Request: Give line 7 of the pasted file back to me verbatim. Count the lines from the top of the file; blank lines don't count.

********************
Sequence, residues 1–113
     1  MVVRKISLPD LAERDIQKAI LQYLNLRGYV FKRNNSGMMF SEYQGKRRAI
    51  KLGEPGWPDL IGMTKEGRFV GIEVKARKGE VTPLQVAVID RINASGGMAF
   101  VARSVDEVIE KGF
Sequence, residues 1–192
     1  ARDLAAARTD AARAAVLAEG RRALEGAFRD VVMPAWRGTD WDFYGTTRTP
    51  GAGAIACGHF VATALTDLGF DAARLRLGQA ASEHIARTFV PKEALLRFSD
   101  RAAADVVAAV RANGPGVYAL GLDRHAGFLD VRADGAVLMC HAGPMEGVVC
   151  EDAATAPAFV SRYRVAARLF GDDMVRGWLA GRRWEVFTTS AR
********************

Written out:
    51  GAGAIACGHF VATALTDLGF DAARLRLGQA ASEHIARTFV PKEALLRFSD